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Mitchell-Tracey v. United General: Class Action Defense Case–Maryland Federal Court Rejects Defense Opposition And Certifies Class Action By Mortgagors Against Title Insurers For Alleged Overcharging

District Court Certifies Class Action Against Title Insurers for Allegedly Charging Premiums in Excess of State-Approved Rates

Plaintiffs filed a class action against First American Title and United General Title in Maryland state court alleging that, in connection with refinances, the insurers charged higher premiums than permitted by law. Defense attorneys removed the class action to federal court, and plaintiffs moved for class certification of two classes, one involving First American customers and one involving United General customers. Mitchell-Tracey v. United General Title Ins. Co., 237 F.R.D. 551, 553-55 (D. Md. 2006). The defense vigorously opposed class certification on four grounds, which the district court summarized as follows: (1) records do not exist by which plaintiffs could prove class membership, liability or damages; (2) specific fact questions present in each affected transaction will predominate over individual issues; (3) the calculation of monetary damages for class members will be “highly individualized and is neither typical nor common among all class members”; and (4) the parties will be unable to identify class members because the necessary records are “in the possession of hundreds of independent title insurance agents and the task of compiling such information to adequately determine class membership is virtually impossible.” Id., at 555. The court disagreed with defense arguments and certified the matter to proceed as a class action, concluding that “Application of the principles embodied in Rule 23 to the circumstances of this case compels the conclusion that the class action device is wholly appropriate.” Id., at 556.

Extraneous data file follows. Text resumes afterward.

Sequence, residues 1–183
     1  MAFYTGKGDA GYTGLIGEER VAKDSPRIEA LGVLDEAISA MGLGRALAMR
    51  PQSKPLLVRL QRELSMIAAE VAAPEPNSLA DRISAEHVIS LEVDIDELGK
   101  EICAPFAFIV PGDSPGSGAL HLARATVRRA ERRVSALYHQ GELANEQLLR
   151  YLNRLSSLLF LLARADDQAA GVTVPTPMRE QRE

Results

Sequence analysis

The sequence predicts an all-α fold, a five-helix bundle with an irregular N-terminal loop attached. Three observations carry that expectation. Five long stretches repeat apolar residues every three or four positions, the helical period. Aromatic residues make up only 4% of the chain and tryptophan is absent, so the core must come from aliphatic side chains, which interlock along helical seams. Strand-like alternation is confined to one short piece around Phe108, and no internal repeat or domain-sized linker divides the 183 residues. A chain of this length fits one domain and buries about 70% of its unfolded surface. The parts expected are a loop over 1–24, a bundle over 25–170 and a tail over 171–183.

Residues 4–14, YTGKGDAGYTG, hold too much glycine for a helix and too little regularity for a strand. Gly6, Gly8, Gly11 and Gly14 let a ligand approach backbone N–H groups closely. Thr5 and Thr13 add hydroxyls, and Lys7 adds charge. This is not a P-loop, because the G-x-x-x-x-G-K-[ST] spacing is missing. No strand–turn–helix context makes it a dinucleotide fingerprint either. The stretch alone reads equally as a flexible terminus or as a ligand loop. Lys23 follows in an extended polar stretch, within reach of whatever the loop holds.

As is common, Maryland law requires title insurers to file with the state information concerning rates and premiums to be charged in connection with the issuance of title insurance policies, and to charge only those rates approved by the state. Mitchell-Tracey, at 553 (citations omitted). Though not required by Maryland law, First American and United General also filed with the state discounted “reissue rates,” applicable if borrowers meet certain conditions. Id., at 554. The class action complaint alleged that defendants charged fees in excess of the reissue rates filed with and approved by the state, and sought declaratory relief and monetary damages. Id.

In analyzing the requirements for class action certification, the district court first concluded that the class was sufficiently numerous to satisfy Rule 23(a)(1). Mitchell-Tracey, at 556-57. It then addressed commonality, typicality and adequacy of representation elements of Rule 23(a), which the court considered “similar and overlapping,” id., at 557 (citation omitted), devoting the most time on commonality. The court rejected defense claims that the “level of knowledge” of each class member defeats commonality. The district court concluded that the commonality requirement was satisfied, explaining at page 557: